Italian Language Museum launches with a temporary exhibition
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Italian Language Museum launches with a temporary exhibition

The Museo Nazionale dell'Italiano - MUNDI (National museum of Italian) inaugurates its first rooms from July 7.

Thu 07 Jul 2022 12:07 PM

MUNDI, the first large museum dedicated to the Italian language, is situated in the former monastery of the Santissima Concezione inside the complex of Santa Maria Novella, with the first two rooms hosting a free admission temporary exhibition until October 6. The inauguration on July 6 was attended by the Mayor of Florence Dario Nardella and the Minister for Culture Dario Franceschini. The entire 2000m² museum is expected to open in 2023, with these two rooms functioning as an introduction.

New museum dedicated to the Italian language

The name MUNDI intends to evoke two fundamental aspects for the language: the first is the relationship with Latin (mundi is the genitive of mundus, meaning ‘world’), while the second is the idea that Italian is a language of the world, having evolved over the centuries through its network of relationships and exchange with many other languages of different cultures, seeking “to signal the link between the Latin roots of our language and its presence in today’s global world”.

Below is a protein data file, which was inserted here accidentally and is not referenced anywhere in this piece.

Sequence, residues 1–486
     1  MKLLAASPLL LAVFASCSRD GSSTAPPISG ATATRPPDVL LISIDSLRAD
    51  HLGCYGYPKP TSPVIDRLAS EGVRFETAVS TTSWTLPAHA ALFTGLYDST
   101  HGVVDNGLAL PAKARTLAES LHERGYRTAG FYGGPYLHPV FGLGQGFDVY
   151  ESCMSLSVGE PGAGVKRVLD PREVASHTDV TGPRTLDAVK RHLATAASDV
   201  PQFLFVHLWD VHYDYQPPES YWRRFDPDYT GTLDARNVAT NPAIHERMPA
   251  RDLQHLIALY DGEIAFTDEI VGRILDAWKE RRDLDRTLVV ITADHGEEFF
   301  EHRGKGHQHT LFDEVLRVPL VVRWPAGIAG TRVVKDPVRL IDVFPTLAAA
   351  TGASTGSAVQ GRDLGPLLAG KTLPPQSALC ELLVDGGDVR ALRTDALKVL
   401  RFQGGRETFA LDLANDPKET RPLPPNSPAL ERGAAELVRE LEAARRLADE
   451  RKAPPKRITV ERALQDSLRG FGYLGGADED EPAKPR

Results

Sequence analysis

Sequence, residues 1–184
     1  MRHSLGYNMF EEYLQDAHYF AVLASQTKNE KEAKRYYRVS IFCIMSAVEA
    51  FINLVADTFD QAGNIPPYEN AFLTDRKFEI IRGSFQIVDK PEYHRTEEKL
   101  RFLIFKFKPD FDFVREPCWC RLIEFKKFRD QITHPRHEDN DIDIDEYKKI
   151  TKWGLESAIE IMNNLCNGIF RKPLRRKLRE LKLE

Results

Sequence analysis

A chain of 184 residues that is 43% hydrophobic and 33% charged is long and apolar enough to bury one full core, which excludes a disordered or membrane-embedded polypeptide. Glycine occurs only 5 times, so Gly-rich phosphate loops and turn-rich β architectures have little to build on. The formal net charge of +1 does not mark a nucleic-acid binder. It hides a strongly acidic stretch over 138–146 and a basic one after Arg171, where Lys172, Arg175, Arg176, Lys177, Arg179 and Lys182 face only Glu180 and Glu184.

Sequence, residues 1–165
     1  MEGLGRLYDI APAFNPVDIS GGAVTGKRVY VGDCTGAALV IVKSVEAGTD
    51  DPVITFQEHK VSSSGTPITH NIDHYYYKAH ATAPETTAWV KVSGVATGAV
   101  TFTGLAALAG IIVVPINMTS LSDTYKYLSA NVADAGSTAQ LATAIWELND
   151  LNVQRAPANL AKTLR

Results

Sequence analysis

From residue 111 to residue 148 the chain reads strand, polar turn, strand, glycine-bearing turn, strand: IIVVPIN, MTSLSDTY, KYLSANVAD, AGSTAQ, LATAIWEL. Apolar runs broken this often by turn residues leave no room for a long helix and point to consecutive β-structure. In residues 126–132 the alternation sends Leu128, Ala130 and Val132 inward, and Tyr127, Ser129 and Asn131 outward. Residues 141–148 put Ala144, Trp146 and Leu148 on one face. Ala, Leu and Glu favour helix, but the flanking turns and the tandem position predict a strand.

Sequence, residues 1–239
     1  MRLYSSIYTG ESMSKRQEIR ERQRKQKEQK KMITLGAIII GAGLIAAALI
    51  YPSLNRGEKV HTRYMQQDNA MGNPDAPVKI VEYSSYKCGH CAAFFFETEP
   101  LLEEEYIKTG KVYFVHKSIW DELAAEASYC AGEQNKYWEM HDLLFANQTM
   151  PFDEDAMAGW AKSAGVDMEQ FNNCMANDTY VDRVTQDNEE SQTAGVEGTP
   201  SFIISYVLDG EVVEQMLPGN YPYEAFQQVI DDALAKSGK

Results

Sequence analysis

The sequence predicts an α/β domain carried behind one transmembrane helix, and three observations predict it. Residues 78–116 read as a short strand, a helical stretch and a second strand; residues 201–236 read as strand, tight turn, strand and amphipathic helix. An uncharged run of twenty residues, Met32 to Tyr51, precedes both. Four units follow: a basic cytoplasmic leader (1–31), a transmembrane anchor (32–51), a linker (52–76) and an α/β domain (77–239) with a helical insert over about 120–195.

A timeline details the evolution of the language

For at least twenty years, the community linked to the history of the Italian language has been pursuing the creation of a dedicated museum, that is now close to being completed thanks to the Ministry for Culture together with the Municipality of Florence. Coordinated by the linguist and philogist Luca Serianni, the working group involves leading institutions in the field of linguistics such as Accademia della Crusca, Accademia dei Lincei, the Dante Alighieri Society, the Association for the History of the Italian Language, and the Institute of the Italian Treccani Encyclopedia.

The museum will combine manuscripts, books, paintings and objects related to the history of Italian with a strong multimedia component and some sections of the museum will be reserved for temporary exhibitions. Objects on display include a Pompeian inscription testifying to changes in spoken Latin, and the Riccardiano manuscript of 1035 in which Giovanni Boccaccio, a few years after Dante’s death, copied the Divine Comedy in his own hand. There will also be a range of educational activities as well as talks, courses, seminars, book presentations and concerts.

MUNDI – National Museum of Italian,

Santa Maria Novella complex,

piazza della Stazione 6, Florence

The temporary introductory exhibition will be on display from July 7 to October 6

Open from Wednesday to Sunday, 10am to 5pm, free admission.

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